Phloxes are annual or more often perennial herbs, taprooted or less often fibrous-rooted, with opposite (or the uppermost alternate) leaves, which are entire, often narrow and needlelike, frequently joined at the base. The flowers are borne in terminal clusters which are often reduced to a single flower. The calyx is barely enlarged after flowering, with prominent membranous or thin, dry, translucent intervals between the more herb-like ridges of the 5 lobes, which are ruptured by the developing capsule. The corolla is flaring, with slender tube and 5 abruptly spreading lobes, which are colored white to pink, purple, or blue. The filaments are short and unequally placed inside the corolla tube. The anthers are sometimes not protruding, or often some of them are partly protruding outside the other parts. The capsules contain usually 1, sometimes 2-4 seeds per ovary cell. The genus consists of about 50 or 60 species worldwide, native to N. America and n. Asia, best developed in w. N. America. The name is a direct transliteration of the Greek word for flame, referring to the brightly colored flowers.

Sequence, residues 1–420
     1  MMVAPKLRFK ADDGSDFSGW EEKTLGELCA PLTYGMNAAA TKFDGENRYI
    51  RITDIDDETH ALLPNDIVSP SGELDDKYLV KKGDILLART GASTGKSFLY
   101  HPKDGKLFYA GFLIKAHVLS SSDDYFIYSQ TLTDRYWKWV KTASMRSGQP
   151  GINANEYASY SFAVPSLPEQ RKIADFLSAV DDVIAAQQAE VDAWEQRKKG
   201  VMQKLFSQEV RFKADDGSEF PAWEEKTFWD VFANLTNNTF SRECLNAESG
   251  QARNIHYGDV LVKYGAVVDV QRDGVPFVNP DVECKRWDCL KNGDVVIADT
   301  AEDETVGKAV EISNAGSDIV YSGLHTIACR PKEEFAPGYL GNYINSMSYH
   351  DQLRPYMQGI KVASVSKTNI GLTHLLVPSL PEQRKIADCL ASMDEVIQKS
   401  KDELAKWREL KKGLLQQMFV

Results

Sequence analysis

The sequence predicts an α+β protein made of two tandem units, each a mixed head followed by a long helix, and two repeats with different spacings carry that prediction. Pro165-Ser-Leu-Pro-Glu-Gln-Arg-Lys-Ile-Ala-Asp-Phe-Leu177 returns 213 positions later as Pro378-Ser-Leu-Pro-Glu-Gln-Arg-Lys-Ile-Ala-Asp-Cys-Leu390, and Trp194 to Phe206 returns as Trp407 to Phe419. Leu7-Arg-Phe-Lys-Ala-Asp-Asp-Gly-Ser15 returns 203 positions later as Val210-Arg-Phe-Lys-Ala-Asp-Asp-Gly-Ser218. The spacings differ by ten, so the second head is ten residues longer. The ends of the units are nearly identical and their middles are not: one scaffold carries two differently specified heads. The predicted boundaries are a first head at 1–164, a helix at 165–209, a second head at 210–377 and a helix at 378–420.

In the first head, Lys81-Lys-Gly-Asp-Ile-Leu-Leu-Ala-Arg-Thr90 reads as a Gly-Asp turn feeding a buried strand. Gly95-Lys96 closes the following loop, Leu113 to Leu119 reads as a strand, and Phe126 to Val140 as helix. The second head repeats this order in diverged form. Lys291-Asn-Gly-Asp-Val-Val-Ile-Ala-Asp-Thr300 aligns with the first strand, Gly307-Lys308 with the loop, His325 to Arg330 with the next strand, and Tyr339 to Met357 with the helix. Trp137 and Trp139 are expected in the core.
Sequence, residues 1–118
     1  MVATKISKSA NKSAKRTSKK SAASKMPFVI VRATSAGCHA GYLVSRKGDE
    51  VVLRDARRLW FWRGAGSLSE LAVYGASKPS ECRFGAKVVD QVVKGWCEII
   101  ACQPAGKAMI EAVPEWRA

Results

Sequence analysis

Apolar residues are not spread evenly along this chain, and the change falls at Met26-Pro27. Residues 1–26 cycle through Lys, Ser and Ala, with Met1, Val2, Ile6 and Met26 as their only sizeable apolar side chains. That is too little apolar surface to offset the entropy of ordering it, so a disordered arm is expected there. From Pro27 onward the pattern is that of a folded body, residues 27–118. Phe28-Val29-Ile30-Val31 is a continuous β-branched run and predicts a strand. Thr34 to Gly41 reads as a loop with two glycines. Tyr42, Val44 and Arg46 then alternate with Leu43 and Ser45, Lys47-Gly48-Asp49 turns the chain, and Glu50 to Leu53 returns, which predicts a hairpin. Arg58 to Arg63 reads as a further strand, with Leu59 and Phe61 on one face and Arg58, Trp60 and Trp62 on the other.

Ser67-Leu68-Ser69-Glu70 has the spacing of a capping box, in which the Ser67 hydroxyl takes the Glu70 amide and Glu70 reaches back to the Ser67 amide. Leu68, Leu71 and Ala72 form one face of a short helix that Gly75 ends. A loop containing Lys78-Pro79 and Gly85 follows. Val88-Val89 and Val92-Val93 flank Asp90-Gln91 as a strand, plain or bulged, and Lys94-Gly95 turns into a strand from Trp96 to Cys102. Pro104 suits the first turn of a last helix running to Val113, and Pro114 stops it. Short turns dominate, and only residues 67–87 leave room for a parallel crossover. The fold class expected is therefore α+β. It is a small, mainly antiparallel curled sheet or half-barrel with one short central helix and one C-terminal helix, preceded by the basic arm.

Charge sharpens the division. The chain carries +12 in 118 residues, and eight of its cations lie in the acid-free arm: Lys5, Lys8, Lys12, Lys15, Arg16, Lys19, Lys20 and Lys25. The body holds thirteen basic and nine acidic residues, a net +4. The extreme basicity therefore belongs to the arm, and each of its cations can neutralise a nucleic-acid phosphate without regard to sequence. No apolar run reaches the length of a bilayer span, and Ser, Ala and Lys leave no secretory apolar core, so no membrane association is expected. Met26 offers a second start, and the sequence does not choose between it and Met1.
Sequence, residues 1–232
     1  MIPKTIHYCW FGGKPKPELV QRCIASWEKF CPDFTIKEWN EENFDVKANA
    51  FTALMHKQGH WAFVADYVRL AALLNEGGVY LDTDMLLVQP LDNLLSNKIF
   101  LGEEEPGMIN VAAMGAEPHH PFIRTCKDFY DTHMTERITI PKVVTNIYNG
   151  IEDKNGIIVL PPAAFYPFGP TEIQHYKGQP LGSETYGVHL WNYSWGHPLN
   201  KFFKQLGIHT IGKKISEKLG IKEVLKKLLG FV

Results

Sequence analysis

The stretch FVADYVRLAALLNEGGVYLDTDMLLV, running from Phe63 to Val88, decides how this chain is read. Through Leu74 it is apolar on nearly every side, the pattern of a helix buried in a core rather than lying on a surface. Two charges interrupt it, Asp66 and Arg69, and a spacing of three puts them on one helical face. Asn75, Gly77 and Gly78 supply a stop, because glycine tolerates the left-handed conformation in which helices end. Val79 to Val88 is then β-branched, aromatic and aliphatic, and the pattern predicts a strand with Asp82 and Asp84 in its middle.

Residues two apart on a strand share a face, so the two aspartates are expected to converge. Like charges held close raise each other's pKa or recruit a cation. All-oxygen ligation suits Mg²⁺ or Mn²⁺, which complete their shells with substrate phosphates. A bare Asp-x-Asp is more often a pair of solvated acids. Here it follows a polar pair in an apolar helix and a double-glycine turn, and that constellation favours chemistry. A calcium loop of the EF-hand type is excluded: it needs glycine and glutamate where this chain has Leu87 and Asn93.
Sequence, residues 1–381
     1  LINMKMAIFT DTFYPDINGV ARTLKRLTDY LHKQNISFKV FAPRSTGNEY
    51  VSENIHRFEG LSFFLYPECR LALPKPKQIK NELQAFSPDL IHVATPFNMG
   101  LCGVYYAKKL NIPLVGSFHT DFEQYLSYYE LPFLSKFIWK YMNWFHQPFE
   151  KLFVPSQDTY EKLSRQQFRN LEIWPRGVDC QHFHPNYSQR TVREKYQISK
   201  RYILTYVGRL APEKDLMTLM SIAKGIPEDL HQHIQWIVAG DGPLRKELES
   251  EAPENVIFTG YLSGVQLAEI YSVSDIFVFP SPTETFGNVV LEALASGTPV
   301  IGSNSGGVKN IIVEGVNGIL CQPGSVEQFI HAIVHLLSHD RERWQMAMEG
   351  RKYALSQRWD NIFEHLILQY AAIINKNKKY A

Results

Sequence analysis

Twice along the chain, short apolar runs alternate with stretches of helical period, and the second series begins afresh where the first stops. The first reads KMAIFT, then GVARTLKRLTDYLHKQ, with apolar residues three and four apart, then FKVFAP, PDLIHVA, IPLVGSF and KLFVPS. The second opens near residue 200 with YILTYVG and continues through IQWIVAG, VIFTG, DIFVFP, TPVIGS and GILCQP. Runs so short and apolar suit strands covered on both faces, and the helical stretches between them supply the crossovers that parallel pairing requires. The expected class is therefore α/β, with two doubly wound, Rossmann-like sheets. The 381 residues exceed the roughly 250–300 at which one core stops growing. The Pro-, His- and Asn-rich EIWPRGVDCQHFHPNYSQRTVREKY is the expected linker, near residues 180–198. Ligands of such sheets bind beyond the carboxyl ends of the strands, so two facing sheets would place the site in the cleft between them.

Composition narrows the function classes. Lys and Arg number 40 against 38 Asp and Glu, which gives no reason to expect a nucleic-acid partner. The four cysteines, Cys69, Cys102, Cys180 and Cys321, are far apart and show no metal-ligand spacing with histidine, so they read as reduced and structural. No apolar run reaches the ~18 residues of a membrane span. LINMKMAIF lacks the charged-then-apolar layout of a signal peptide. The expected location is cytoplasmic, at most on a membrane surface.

Guide to Identify Presented Species of Genus Phlox
LEAVES MOSTLY AT LEAST 25 MM LONG
P. longifolia Long-leaved Phlox Perennial, 10-40 cm tall, often woody at the base. Dry, open rocky places.
Flowers white, 2-3 cm wide, in clusters. The style is 6-15 mm long.
Leaves linear, mostly 1.5-8 cm long and 1-3 mm wide.
LEAVES ABOUT 12-25 MM LONG
P. multiflora Rocky Mountain Phlox Mat-forming perennial, loosely almost erect, up to 10 cm tall. Mountains.
Flowers white, about 2 cm wide, few on stem tips. The style is 5.5-8 mm long.
Leaves slightly rough-surfaced, linear, 12-30 mm long and 1-2 mm wide.
LEAVES MOSTLY LESS THAN 5 MM LONG
P. albomarginata White-edged Phlox Cushioned perennial, up to 5 cm tall, glandular. Rocky places, high mountains.
Flowers white, 15-20 mm wide, solitary on stem tips. Style 5-8 mm long.
Leaves broadly lanceolate, 2-7 mm long and 1-2.5 mm wide, thick-edged.